Is there such thing as "Left brain thinkers" and "right brain thinkers"? Some say no...
'Right Brain' or 'Left Brain' -Myth Or Reality? 03 July 1999
By John McCrone
The New Scientist* Magazine issue 2193C New Scientist, RBI Limited 2000
The popular myth about the hemispheres grew largely from "split-brain" research in the 1960s, such as that which later won Roger Sperry of Caltech a Nobel prize..... But, says Joseph Hellige, a psychologist at the University of Southern California, this picture changed dramatically as soon as brain-scanning experiments began to show that both sides of the brain played an active role in such processes. Rather, it seemed to be processing styles that distinguished the two halves."
THE BRAIN'S HALVES COOPERATE TO HELP US REMEMBER EVENTS, GIVING "LEFTY FAMILY" MEMBERS BETTER EPISODIC MEMORY
"The researchers stress that memory performance has nothing to do with so-called "brain dominance." "While the notion of people being right-brained or left-brained is common in the popular press," says Christman, "it has received very little support in the scientific literature. Both hemispheres of all people are going to be involved in virtually all tasks."
The Secret Power of the Brain in Second Language Learning
"Right/left brain theory, which separated the mental functions to either of the hemispheres became the popular trend in the 1970s. Since then, the rapidly growing body of brain research has supported the fact that most brain functions overlap." The original work of right and left brain researchers has been updated by new research. We now know that we usually use both sides of the brain in nearly every activity. It is just a matter of degree, but some individuals have a distinct preference for one of these styles of thinking. Some, however, are more whole-brained and equally adept at both modes of thinking. Therefore we should avoid generalizations about right and left brain activities. All learning involves our body, our emotions, our attitudes and our health. Brain-based learning says that we, as teachers, must address these variables more comprehensively."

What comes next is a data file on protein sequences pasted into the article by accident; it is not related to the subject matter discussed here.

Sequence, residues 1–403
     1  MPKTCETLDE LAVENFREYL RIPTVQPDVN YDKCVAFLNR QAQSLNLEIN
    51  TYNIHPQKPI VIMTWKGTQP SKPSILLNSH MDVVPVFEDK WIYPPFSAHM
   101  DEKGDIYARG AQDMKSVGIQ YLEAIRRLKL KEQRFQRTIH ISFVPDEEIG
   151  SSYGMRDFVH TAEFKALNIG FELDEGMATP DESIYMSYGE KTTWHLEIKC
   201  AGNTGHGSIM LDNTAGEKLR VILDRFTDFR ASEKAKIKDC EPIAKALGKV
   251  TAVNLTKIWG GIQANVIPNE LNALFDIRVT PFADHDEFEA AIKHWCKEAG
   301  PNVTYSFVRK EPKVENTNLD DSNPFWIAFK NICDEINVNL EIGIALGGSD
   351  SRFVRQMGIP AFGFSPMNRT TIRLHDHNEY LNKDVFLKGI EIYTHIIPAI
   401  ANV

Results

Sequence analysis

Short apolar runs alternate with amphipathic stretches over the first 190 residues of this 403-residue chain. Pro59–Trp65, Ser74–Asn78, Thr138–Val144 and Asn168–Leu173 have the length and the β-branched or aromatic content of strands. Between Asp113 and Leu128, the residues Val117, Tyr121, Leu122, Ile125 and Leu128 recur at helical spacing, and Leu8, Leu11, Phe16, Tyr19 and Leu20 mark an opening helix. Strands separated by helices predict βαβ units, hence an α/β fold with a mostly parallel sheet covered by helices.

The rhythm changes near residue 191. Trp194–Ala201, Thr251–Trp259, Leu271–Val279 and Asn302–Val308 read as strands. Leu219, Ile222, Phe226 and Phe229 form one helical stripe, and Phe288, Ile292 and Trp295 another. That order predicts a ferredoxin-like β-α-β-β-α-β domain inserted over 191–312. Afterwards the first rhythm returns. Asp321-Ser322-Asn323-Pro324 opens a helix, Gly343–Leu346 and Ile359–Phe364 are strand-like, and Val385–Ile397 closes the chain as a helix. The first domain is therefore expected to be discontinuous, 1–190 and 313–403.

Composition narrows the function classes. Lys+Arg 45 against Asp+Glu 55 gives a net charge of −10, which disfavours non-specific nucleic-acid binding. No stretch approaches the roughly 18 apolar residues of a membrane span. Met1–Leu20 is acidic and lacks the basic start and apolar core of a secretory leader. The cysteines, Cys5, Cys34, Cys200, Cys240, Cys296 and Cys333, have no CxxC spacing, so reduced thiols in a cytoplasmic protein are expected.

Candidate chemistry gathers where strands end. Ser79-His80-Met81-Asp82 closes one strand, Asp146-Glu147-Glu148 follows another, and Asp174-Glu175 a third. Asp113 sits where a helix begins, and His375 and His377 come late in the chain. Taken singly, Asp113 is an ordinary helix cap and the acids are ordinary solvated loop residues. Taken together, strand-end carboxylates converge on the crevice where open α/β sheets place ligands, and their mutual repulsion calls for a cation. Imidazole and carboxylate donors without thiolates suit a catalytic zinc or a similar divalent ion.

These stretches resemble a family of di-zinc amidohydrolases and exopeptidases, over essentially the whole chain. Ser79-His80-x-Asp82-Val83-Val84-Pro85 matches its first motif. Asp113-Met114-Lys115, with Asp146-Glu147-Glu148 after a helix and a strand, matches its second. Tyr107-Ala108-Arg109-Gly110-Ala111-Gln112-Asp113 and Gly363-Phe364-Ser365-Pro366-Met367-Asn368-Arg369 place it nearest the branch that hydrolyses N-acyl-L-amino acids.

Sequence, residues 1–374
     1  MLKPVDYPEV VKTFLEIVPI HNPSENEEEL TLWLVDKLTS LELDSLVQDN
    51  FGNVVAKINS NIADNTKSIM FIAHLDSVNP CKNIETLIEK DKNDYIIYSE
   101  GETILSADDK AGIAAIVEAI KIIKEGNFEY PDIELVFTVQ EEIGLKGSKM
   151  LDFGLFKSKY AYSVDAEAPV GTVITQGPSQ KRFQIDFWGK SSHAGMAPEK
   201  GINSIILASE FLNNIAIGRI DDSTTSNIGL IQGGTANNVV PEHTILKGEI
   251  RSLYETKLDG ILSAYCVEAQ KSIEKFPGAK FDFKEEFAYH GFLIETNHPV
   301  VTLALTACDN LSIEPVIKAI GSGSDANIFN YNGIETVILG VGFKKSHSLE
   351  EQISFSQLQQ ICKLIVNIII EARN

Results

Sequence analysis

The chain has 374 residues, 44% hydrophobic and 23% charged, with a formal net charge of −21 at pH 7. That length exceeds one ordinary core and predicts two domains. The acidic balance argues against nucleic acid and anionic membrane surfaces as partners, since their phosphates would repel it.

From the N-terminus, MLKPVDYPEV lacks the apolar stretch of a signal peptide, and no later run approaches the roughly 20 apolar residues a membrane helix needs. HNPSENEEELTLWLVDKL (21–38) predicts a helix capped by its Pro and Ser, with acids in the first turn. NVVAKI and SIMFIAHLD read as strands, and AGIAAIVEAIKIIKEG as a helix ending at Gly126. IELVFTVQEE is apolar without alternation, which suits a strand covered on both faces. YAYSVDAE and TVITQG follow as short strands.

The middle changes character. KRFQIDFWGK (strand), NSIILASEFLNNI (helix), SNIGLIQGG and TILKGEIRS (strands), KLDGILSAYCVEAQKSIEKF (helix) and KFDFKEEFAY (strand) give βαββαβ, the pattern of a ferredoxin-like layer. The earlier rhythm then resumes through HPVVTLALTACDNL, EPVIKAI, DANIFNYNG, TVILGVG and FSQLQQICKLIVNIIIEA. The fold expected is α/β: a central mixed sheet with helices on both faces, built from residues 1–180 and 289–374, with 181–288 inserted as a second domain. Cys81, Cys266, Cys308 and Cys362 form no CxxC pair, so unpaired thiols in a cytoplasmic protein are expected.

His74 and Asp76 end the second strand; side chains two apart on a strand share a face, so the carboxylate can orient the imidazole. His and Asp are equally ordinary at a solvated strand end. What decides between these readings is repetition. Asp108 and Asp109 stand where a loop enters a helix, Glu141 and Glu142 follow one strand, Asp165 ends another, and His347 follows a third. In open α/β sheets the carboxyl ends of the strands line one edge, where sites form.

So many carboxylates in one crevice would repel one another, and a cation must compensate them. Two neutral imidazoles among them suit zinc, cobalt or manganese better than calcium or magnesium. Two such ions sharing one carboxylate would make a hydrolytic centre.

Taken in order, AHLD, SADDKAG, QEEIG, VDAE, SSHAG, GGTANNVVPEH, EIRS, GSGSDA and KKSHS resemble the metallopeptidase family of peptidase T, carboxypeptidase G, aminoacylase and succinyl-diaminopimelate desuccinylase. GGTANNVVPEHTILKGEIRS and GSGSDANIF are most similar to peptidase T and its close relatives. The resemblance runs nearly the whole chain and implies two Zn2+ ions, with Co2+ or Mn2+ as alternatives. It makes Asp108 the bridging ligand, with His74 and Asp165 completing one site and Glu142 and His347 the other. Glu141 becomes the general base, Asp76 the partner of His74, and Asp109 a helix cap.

In Search of . . . Brain-Based Education By John T. Bruer
The fundamental problem with the right-brain versus left-brain claims that one finds in the education literature is that they rely on our intuitions and folk theories about the brain, rather than on what brain science is actually able to tell us. Our folk theories are too crude and imprecise to have any scientific, predictive, or instructional value. What modern brain science is telling us -- and what brain-based educators fail to appreciate-- is that it makes no scientific sense to map gross, unanalyzed behaviors and skills -- reading, arithmetic, spatial reasoning -- onto one brain hemisphere or another.